LA County moves to add toilets, shower facilities near homeless encampments -- Homeless encampments in unincorporated county areas will be surveyed in coming weeks to determine where toilets, handwashing facilities and showers can be located in a battle to stop the spread of hepatitis A under a motion approved Tuesday by the Board of Supervisors. Donna Littlejohn in the Los Angeles Daily News$ -- 10/11/17


Enrollment drops even more than expected in L.A. Unified -- L.A. Unified had been expecting enrollment to shrink 2.1% but the actual drop has been 2.55%. That small percentage difference translates to about 5,400 students, said Scott Price, chief financial officer for L.A. Unified. The faster decline represents an unexpected loss of $17 million in funding. Howard Blume in the Los Angeles Times$ -- 10/11/17

California’s high school exit exam is officially a thing of the past -- Eighteen years after lawmakers agreed that California high school students should prove their skills on a final exam before earning diplomas, Gov. Jerry Brown signed legislation Tuesday to permanently repeal the requirement. John Myers in the Los Angeles Times$ -- 10/11/17

USC rejects $5-million pledge from Harvey Weinstein to fund foundation for women filmmakers -- As allegations of sexual harassment against embattled film mogul Harvey Weinstein continue to unfold, the USC School of Cinematic Arts said Tuesday that it is rejecting a $5-million pledge Weinstein had made to fund a program for female filmmakers. Josh Rottenberg in the Los Angeles Times$ -- 10/11/17

Californians favor more college aid for both low- and middle-income students, poll finds -- California voters strongly support increasing state-funded financial aid for both low-income and middle-income students at public colleges and universities, according to a Berkeley IGS/EdSource poll. However, that support is uneven depending on party affiliation and geographic region. Larry Gordon EdSource -- 10/11/17


California wildfires destroying pot farms just before legal sales begin in state -- The Northern California wildfires this week have destroyed at least seven marijuana farms just months before the state begins licensing legal sales of cannabis, making it the “worst year on record” for loss of crops, an industry leader said Tuesday. Patrick McGreevy in the Los Angeles Times$ -- 10/11/17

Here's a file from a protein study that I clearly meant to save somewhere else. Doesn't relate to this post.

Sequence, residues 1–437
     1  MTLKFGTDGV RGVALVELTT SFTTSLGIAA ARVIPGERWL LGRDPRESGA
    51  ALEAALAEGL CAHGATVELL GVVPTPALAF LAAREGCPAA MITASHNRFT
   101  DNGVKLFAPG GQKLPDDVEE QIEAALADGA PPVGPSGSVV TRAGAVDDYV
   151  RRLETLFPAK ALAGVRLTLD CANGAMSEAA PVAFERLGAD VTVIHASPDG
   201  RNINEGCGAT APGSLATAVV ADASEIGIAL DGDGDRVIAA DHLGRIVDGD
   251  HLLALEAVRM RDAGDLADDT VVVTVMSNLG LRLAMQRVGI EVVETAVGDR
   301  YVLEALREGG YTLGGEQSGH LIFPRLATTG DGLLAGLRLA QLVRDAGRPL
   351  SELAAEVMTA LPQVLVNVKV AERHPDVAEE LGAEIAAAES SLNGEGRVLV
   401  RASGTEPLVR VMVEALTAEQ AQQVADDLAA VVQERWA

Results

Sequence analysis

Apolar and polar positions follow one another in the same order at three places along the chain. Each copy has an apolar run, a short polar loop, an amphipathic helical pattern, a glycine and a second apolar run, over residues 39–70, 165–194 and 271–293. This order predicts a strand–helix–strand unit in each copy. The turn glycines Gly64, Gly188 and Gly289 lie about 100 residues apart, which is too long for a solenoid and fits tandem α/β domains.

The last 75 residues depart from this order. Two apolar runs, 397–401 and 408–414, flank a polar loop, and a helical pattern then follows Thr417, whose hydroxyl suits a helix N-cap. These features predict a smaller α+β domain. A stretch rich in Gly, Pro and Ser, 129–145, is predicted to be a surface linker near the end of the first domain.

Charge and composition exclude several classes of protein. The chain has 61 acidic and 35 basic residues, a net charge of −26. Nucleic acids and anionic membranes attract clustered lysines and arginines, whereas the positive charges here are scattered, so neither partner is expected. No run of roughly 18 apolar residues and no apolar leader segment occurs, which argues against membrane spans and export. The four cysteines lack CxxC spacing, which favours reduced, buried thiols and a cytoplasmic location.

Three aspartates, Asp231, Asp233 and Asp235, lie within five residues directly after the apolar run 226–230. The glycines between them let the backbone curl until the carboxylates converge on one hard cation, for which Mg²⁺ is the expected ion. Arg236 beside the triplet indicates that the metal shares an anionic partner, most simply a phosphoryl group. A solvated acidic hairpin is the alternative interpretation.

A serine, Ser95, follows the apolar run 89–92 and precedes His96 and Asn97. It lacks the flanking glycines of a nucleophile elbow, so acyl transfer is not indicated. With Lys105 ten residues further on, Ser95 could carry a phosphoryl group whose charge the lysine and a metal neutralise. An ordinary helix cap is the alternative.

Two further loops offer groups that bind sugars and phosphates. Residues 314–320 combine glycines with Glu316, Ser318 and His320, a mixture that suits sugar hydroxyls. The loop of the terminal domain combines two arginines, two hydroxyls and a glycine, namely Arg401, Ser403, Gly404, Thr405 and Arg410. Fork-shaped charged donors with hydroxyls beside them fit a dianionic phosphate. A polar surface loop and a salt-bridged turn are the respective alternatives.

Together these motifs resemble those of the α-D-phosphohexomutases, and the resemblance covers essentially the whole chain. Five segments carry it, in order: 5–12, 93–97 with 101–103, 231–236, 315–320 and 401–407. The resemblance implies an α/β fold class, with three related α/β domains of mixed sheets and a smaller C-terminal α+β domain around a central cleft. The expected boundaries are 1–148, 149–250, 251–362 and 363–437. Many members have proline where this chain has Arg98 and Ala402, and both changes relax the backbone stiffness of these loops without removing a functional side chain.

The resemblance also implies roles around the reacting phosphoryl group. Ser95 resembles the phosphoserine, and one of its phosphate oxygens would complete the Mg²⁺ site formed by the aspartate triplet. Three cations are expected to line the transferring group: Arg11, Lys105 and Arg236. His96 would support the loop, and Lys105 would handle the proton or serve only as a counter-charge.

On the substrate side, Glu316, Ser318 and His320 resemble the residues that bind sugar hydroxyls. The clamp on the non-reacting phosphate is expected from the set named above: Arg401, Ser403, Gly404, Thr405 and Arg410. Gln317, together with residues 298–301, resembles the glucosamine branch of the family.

Immigration / Border 

Santa Clara County, employee union sues Trump administration over DACA -- Santa Clara County and a union of its employees sued President Trump on Tuesday for repealing the program known as DACA that provides young undocumented immigrants with reprieves from deportation, arguing that the action broke the government’s binding promises to the youths, popularly known as “Dreamers,” and was based on racism. Bob Egelko in the San Francisco Chronicle$ -- 10/11/17

Fearing deportation, many domestic violence victims are steering clear of police and courts -- The woman on the other end of the line said her husband had been beating her for years, even while she was pregnant. James Queally in the Los Angeles Times$ -- 10/11/17


SoCal’s water district just committed billions to WaterFix plan. What could it mean for your DWP bill? -- Los Angeles residents and businesses can expect to see their water utility rates go up under a proposed multi-billion dollar project to build water tunnels in Northern California, but by how much is now being questioned by activists and some city leaders. Elizabeth Chou in the Los Angeles Daily News$ Brian Melley Associated Press -- 10/11/17


Cleaning Up the Santa Susana Field Lab is All About the Numbers -- There's one thing that everyone agrees on. The Santa Susana Field Lab (SSFL) is contaminated with radionuclides and toxic chemicals. The impact of the contamination on those living near the former nuclear and rocket testing site and how much should be cleaned up depends on who you ask and the numbers they're using. Matthew Glasser NBCLA -- 10/11/17

County supervisors join brewing legal battle against feds over Tijuana sewage spills -- The San Diego County Board of Supervisors voted Tuesday to join the growing legal campaign to force the federal government to do more to stop sewage from spilling over the border from Tijuana that routinely fouls South Bay beaches. Joshua Emerson Smith in the San Diego Union-Tribune$ -- 10/11/17

Also . . . 

Harvey Weinstein's wife, Georgina Chapman, says she's leaving him -- Georgina Chapman announced she's leaving Harvey Weinstein over the sexual harassment and assault allegations that have broken over the last week. Jessica Roy in the Los Angeles Times$ -- 10/11/17